Have you ever worked in a toxic workplace? In some cases, a single toxic person can make going to work every morning feel like descending into the depths of hell.
Did you know that incivility is the gateway to toxic culture? The uncivil behaviors that we all learn to live with–like the co-worker who is perpetually rude–build up and then create a culture that’s so toxic, nobody wants to stay in it. And those who do are burned out and do less work.
We’ve become inured to incivility because we just expect it. For instance, a million years ago, I worked in a shoe store on commission with a person who would tell customers that the rest of us were “new” and “didn’t know much.” She used that as a way to build her credibility so customers would ask for her. That’s incivility.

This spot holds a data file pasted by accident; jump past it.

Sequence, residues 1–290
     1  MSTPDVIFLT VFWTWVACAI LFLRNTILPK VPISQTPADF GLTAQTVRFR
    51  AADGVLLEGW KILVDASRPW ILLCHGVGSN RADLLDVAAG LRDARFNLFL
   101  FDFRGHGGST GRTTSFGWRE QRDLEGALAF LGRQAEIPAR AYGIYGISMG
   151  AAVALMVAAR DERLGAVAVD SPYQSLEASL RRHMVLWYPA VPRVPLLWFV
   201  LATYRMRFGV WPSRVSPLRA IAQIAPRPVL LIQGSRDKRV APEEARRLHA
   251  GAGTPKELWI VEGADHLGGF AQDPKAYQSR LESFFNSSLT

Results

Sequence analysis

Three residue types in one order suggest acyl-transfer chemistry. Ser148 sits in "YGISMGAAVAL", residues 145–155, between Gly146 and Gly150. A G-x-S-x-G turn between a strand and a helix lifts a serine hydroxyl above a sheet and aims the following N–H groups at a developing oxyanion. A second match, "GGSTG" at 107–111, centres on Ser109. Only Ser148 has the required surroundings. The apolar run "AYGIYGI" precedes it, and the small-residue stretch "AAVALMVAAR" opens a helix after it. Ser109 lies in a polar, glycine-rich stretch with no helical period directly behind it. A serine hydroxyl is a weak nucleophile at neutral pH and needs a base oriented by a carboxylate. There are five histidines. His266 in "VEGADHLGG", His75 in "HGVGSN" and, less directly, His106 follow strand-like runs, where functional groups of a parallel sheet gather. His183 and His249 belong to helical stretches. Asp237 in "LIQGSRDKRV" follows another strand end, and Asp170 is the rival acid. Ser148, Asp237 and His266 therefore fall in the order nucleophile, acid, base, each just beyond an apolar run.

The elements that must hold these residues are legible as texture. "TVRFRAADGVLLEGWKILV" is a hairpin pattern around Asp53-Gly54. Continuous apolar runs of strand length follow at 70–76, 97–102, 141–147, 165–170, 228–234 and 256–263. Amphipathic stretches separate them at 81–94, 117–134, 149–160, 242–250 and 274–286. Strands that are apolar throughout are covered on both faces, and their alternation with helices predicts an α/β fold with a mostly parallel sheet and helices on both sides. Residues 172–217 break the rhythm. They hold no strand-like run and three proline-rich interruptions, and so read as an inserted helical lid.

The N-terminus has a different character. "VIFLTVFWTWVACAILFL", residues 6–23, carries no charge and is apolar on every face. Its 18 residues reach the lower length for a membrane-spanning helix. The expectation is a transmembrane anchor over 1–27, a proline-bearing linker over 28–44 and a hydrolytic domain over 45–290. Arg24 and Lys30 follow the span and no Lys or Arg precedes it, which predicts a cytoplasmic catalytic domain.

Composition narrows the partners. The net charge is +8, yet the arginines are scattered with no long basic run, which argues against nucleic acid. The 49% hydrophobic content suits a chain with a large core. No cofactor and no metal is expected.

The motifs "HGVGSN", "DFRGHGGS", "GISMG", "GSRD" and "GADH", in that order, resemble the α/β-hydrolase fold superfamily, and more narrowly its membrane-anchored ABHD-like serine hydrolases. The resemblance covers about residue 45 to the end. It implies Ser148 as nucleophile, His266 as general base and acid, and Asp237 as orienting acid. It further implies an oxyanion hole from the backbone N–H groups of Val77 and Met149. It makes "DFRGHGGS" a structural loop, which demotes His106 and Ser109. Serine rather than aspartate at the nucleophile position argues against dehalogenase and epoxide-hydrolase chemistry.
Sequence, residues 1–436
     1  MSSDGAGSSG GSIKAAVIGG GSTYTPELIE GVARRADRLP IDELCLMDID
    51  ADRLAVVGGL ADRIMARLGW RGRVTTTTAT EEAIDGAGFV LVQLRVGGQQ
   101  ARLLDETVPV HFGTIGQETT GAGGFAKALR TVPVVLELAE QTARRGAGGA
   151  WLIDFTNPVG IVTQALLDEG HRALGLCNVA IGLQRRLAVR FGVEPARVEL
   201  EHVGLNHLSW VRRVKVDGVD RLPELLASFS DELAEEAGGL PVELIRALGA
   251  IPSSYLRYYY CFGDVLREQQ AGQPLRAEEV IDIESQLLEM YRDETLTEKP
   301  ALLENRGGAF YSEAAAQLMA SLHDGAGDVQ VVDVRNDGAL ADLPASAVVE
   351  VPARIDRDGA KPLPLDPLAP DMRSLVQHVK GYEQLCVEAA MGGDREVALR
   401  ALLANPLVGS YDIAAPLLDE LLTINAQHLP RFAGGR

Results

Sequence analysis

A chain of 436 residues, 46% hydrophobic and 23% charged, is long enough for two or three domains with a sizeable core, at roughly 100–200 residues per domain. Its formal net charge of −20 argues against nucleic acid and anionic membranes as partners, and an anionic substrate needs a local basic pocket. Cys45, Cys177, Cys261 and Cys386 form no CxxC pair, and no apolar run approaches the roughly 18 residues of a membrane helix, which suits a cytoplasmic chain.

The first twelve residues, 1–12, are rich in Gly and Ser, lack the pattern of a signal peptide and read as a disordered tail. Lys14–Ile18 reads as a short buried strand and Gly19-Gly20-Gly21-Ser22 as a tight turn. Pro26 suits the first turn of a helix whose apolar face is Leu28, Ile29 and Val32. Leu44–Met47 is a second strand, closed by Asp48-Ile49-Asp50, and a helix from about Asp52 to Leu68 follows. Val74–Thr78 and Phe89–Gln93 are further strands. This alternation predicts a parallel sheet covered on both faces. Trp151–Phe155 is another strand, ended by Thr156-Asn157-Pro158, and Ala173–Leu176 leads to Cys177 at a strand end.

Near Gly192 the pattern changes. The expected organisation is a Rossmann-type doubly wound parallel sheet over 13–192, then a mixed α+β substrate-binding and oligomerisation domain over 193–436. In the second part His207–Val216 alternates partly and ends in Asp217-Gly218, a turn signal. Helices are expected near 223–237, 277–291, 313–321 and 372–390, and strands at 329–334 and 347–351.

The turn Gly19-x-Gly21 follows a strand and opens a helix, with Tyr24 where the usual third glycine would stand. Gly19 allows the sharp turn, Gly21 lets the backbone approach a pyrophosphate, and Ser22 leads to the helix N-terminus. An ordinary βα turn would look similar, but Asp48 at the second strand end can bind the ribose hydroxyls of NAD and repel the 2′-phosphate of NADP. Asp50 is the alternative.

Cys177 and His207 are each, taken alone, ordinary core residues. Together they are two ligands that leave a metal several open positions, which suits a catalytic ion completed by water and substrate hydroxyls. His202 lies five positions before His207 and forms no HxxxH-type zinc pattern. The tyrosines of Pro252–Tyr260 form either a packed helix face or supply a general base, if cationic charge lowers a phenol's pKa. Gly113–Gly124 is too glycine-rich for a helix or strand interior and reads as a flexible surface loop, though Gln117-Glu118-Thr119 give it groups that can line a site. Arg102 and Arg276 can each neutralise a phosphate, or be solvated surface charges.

In another job, I had a senior co-worker who regularly asked me for personal favors (outside of work hours). If I said no to a request–like the time she asked me to take her to the airport at 4 am–she would pout and tell me that I “owed” her tasks at work to make up for this. That’s incivility.
A friend told me about a time she’d sent out an organization-wide email about the death of a colleague. She’d accidentally included a very small typo in the email that didn’t change the meaning of it. A co-worker called her and told her that she was unprofessional and should be ashamed of her shoddy work. That’s incivility.
So what can we do about incivility? We can kill it. We can refuse to stand for it. Here’s an article I wrote about how to do that.
What incivilities have you encountered? Have you been uncivil? (I admit that I’ve been guilty of incivilities.)